Patton Oswalt has built himself up as one of the most well-respected stand-ups in his twenty-plus year career. He is a definitive "comic's comic," always refining and plugging away at his stand-up act—his most recent special being played on Comedy Central. Today marks the opening of his first star turn as the lead role in the darkly comic Big Fan, written and directed by the same screenwriter who wrote The Wrestler. Oswalt carries the film through it's brooding, modernist character study of a Staten Island Giant fanatic who lives with his mother and spends his work days perfecting his night speeches made as a caller to a local sports talk radio show. The film will be a strange experience for Giant fans as the tale it tells inadvertently ended up mirroring the team's Plaxico Burress situation last season in a bizarre number of ways.

Patton checked in to talk with us about what his first time in a strip club was like, which stand-up comedian is like The Beatles of comedy and how the outer boroughs might have the ethnic flair, but it's the center of the city that contains the most priceless flare-ups.

How was how was filming Big Fan on Staten Island? Did you have any favorite spots? Yeah, we went to this place, Bellavita Restaurant, and that pizza was so, so yummy. It was amazing. And then there was Hylan Boulevard, there's something about that street.

Was this your first extended experience in the outer boroughs? Did you feel like you were getting a flavor of NY that a lot of people don't experience? Yes, that was indeed my very first experience in the outer boroughs, man. It's provincial without being small minded. It has that feeling that there's an actual very, very specific culture back there. I can't really describe it—very working class, but also...very ethnic in a cool way. Oh boy, I'm not really making much sense. I can't quite describe it.

It's strange because all the media comes out of the people who don't experience that for the most part. Yeah, I mean, New York is such a melting pot. But a place like Staten Island is its own thing, for better or for worse. But like I said, I know this sounds weird, all the food I had out there was really, really delicious. Because it feels like this is a culture.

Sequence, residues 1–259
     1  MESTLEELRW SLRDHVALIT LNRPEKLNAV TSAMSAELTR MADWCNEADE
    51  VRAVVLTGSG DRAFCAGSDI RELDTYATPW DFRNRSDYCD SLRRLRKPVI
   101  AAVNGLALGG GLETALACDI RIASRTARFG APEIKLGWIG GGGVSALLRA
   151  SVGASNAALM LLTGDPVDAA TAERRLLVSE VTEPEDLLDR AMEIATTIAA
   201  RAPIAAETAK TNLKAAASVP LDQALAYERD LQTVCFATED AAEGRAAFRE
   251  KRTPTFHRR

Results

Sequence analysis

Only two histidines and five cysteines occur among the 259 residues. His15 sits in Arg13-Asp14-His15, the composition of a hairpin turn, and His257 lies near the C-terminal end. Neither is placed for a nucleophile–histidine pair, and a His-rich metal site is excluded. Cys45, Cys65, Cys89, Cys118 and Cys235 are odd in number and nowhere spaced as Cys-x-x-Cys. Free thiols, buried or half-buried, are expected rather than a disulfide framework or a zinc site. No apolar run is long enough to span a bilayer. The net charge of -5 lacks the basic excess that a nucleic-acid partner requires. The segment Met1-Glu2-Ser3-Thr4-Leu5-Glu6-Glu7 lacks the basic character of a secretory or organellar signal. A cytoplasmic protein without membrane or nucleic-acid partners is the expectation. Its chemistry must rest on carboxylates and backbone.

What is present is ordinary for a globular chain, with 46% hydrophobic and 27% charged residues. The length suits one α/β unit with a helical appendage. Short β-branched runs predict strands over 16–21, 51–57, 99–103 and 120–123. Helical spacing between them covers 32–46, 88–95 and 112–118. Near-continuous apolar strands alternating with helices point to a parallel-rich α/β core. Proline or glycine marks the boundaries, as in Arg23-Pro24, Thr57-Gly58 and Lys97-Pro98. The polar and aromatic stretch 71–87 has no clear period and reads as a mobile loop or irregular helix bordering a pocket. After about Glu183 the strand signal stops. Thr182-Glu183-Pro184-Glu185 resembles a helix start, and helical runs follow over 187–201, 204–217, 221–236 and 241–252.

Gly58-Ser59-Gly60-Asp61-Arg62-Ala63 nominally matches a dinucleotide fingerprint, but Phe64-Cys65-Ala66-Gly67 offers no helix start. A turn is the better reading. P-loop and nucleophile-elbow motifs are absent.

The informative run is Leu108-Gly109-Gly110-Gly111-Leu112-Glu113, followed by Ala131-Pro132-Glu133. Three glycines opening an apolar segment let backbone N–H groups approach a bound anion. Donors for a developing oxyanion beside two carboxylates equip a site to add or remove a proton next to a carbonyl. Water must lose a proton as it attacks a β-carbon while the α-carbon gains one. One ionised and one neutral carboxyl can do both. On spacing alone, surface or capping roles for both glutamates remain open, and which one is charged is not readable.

Yeah, there's some tradition to it. It was taught by someone who made it before. It wasn't just... Exactly yeah, like it was passed down.

I'm really curious, at what point did the Plaxico Burress situation become this parallel to the movie, It's really crazy to watch it... I think it happened right after we were done wrapping; someone sent us the story saying, "Hey did you see what just went down?" And we were all cracking up. I think it happened just as we wrapped. But I'm not sure of the specific timeline.

It's just strange especially all the radio clips like the ones you're listening to after the games that actually happened last year. You could just switch the variables for what happens in your movie and its eerily similar. It is eerily similar. Indeed it is.

Can you tell me what your first experience was in a strip club was like? Or the strangest experience you ever had in one? I think my first... I think I was just out of high school. And I was with some friends of mine, one of whom was going away soon, so we went to some strip clubs in DC. I just remember they were really kind of garish and messed up. And I didn't like them. It kept giving me the creeps. I don't really have a strange experience because strip clubs have always been really depressing for me. It would be uplifting if it got to strange, but it never got beyond the, "Oh god this is sad."

I don't know what the oddsmakers would put that you and Zach (Galifinakis) would have prominent strip club scenes or movies in the course of 3 months. [laughs] Or maybe its not a surprise at all.

[laughs] Yeah, we always knew about those two. that's how we pictured them. We knew that's how they'd break through.